Chocolate and coffee both begin their life journey in tropical regions growing on trees. Cacao is a temperamental shady growing tree with fruit growing from the trunk of the tree. Inside of these fruit pods exists something mysterious and tasty.
One of our wholesale partners, Bar & Cocoa, sums up the harvesting process well. “Once cacao trees begin producing fruits, called cacao pods, those fruits must be cut off from the tree at peak ripeness. Although there are heavier seasons, cacao pods ripen year round, meaning that harvesting does too. Harvesting cacao requires a sharp implement to remove the large pods from the tropical trees on which they grow. The most common tool used to harvest cacao pods is a machete, a long sword-like object which allows farmers to cut pods from the base. Since cacao, or cocoa, can grow directly on the trunk of the tree, farmers have to use very sharp tools so as to not damage potential future pods. When a pod is ripe it often changes color, signaling to farmers that it may be ready to be picked. But not all ripe pods will fully change color, so some farmers also knock on pods to check ripeness; if the seeds have just started to loosen, then the pod is ripe enough to harvest. You can also scrape the outside of the husk to check the color of the shell. If it’s green underneath, then it’s still not ripe enough to be harvested. If you remove cocoa before it’s ripe, it won’t continue to develop off the tree, but rather begin to germinate or ferment. During harvest, farmers must be careful not to open the pods, as that exposes them to air and exposes the seeds to potential damage. Typically they’ll use the machete to cut the fruits directly from the tree, collecting them in a nearby basket or bag. From there the pods are brought to a central location to begin processing. The faster they can begin post-harvest processing, the better the cacao will taste.” (barandcacao.com)
Most extraordinary to us is the different flavors that arise based on growing conditions and ferment processes. Below you can see how even the ferment of Haiti is based on the continuous and uniform colors. This could be due to a central fermentory- where all cacao from across the area is brought in. At a central fermentory, the variables within fermenting are kept steady amongst all of the cacao (compared to ferments occurring apart from each other such as is the case with most commodity cacao).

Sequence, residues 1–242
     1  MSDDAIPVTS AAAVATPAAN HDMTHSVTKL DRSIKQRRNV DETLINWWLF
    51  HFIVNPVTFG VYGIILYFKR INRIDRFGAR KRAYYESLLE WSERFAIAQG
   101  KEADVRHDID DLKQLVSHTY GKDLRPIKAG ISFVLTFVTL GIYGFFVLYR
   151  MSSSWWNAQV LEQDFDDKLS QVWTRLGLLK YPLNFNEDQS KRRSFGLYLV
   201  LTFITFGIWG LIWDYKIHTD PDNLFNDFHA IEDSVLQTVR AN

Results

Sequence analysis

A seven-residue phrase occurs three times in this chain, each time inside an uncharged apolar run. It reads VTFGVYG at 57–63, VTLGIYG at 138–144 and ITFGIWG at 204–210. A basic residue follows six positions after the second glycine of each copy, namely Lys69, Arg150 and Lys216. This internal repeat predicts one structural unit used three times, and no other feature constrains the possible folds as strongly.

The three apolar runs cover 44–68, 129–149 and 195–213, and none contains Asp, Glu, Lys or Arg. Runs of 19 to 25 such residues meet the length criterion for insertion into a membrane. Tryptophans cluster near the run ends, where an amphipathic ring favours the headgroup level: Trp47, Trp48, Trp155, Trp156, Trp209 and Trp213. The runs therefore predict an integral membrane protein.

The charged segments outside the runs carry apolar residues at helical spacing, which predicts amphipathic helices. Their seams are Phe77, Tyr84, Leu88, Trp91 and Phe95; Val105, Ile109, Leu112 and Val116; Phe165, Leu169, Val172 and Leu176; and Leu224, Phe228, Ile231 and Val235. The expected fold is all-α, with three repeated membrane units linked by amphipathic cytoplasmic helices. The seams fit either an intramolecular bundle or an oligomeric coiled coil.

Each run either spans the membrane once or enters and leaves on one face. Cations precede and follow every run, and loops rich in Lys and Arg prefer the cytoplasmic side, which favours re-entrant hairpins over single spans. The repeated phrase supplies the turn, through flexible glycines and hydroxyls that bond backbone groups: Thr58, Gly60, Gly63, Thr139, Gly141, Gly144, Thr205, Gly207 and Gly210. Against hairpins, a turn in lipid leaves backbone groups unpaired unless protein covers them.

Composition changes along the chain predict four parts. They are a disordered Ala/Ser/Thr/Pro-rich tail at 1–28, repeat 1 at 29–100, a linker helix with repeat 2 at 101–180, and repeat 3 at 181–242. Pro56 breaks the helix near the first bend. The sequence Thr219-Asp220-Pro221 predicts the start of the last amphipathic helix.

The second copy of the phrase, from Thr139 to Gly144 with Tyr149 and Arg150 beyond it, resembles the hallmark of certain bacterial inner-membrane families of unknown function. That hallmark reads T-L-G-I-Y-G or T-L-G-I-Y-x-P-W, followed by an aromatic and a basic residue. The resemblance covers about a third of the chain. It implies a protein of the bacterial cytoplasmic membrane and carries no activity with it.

Coffee has to be picked by hand, and usually over the course of several weeks for any given tree. Not all coffee cherries ripen at the same rate. In order to keep the coffee trees in good condition, and to avoid picking unripe cherries that would lower the quality of the harvest, the slower and costlier hand picking is a must.
Post-harvest processing is begun not long after, with coffee cherries being transformed into “green coffee” through several different types of fermentation and removal of the cherry fruit. The 3 primary varieties of processing are:
In natural process, the coffee cherries are sun-dried and allowed to begin fermenting while still whole and unpulped. This process enables the 2 coffee seeds (or 1 in the case of the unusual peaberry) within to absorb more of the flavor nuances from the fermenting sugars of the fruit. Naturals often have a heavier, richer “body” and notes of strawberry and blueberry are common.
The washed process, possibly the most common worldwide, will typically produce a “cleaner” cup of coffee in terms of a lighter body and more balanced acidity and flavor notes. The cherries are pulped and washed, with fermentation only taking place afterward. A washed coffee might be more approachable in terms of its body and flavors, and can be skillfully processed to express crisp, nuanced notes that are more based on the terroir and varietal origin.
The honey or semi-washed process is a bit of a compromise. The cherry is partly pulped, but is not immediately washed. It is instead allowed to dry—and thus, begin fermenting—with the inner, sticky part of the cherry fruit still adhering to the seeds. This inner layer is called mucilage, and can impart some of those deeper, earthier notes that naturals are known for, but to a lesser extent. Honey coffees can be more balanced and lighter bodied, but it all depends on how much mucilage is allowed to remain on the seeds—there’s a world of difference between white, red, or black honey coffees.